These days it creeps up on me like an ache — the occasional pumpkin in a front yard, the synthetic cobwebs in trees, the subtle turn in the weather and, yes, there’s that feeling in the pit of my stomach, the hollowness of those dreams in which you’re lost in a white tunnel, with nowhere to go but forward, though you know that every step will take you farther away from home.
I know why Lot’s wife looked back.
From early September, the discussions begin. What am I going to be this year, and when are you doing to decorate the house, and do we have enough candy for the trick-or-treaters, and why don’t you dress up as well — my friend’s mom wears a costume every year and my teacher painted her feet green. Throughout October, negotiations revolve around which stores we’re going to shop at and how many trips we’re going to make and how many hours in total we’ll spend looking for “the same as last year, but different.” My older son is a ninja redux, the younger one wants to dress up as a cowboy, even when it’s not Halloween. My daughter, who likes fine clothes and red lipstick, has been a ballerina three years in a row and wants to be a ballerina again, “only not the same kind of ballerina,” she says, and the boys join in the chorus, “and not a ballerina that has to wear a sweater if it’s cold.” Ninjas and cowboys, needless to say, don’t wear sweaters either.
Our neighbors are mostly young families with small children. The house directly across from ours is one of those haunted mansions that spits out fog and echoes of laughter, with the shadows of headless corpses popping out of open coffins every 60 seconds. The owners have the whole decorating thing down to an art, so they don’t have to start until the weekend before the big day, but the rest of us, bumbling pumpkin carvers and clumsy spider-web spinners, get to work in mid-October and are still “perfecting” the set at 5 o’clock on the 31st, when the first few kids with their parents appear at the door. By then, my little cowboy has been dressed and ready for a couple of hours already, and has posted himself, basket of candy in hand, in the foyer. The ballerina is waiting upstairs for her cousin, Cleopatra, to arrive for hair and makeup, and the ninja is setting boundaries for me as to how much of the evening’s spoils I’m allowed to take in the name of tooth decay.
So much of my remembrances of motherhood is traced with guilt — at the mistakes I made thinking I was doing the right thing, the chances I missed because I was focused on the wrong thing, my impatience and arrogance and just plain ignorance. So much of it, too, is condensed into a cluster of midnight feedings and birthday parties, school trips and beach outings and, “Alex, stop working and go to bed”; “Kevin do your homework and go to bed,” seven nights a week. Amid it all, those early Halloween memories sparkle — bright, fleeting, untainted, brimming with anticipation, rife with possibility.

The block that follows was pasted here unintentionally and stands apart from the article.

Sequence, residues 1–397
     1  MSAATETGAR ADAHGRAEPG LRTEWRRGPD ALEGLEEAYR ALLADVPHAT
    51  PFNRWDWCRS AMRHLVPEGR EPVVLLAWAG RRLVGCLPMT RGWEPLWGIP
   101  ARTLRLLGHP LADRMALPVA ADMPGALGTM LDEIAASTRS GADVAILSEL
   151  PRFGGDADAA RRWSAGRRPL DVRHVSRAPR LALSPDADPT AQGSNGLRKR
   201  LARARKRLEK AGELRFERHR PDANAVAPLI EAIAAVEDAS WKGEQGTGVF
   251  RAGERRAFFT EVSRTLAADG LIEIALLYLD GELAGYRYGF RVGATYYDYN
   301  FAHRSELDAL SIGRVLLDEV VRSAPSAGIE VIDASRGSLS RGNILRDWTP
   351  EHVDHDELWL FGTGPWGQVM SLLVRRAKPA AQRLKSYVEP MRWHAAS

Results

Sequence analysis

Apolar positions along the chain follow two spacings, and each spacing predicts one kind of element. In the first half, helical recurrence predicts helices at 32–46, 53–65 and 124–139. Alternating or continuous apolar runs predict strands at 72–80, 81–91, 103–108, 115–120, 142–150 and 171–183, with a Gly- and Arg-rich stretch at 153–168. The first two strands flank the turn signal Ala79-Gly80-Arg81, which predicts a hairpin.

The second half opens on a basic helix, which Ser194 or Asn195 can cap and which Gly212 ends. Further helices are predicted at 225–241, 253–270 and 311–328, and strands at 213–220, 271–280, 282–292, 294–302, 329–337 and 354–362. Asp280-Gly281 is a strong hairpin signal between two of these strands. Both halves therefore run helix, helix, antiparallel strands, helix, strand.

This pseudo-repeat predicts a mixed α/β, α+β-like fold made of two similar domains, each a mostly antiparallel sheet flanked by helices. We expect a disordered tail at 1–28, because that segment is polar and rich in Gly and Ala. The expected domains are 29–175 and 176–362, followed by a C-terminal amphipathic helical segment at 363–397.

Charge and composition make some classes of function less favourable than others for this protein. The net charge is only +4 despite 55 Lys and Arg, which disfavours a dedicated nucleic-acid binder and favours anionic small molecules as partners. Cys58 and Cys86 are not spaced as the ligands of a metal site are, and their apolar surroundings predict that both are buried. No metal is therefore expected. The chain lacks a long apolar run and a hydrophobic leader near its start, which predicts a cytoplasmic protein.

When did I last put my children to bed with the makeup still on their faces and the candy tucked under their beds? Close the door behind the last trick-or-treater? See the back of that young woman with the long, pale hair and giant angel’s wings? The zombie impaled with a sword and still walking?
The next morning, the street is strangely quiet. The cobwebs have been cleared from the trees, and the doorbells no longer howl. The haunted mansion has been sold to a less theatrical family, and the basket full of candy remains, untouched, by the front door. The kids have grown up and left home. Oct. 31 is just another day on the calendar.
It’s not that I have nothing else to do with my time, now that the obligatory visits to the pumpkin patch have stopped. It’s not that I have no identity outside of being a mother. On any given day. I’m a good few months behind on a whole lot of work-related projects, my domestic talents still waiting to be discovered. I can attend to neglected friendships and an ailing social life, spend more time with my parents, travel again with only my husband to places that are not necessarily child-friendly. But even with all that, I feel like a typewriter in the age of Siri: still operational, but functionally obsolete.
I think that’s why Lot’s wife looked back: to see her daughters one last time and, through them, the part of herself she most liked.
I do have other things to do with my time, yes. I just can’t think of anything better to do on those October mornings when I drive by the little preschool on my way to the gym and see tall those little fairies and wizards march, single file and effervescent with joy and pixie dust, before their adoring, admiring parents.
Gina Nahai is an author and a professor of creative writing at USC. Her latest novel is “Caspian Rain” (MacAdam Cage, 2007). Her column appears monthly in the Journal.
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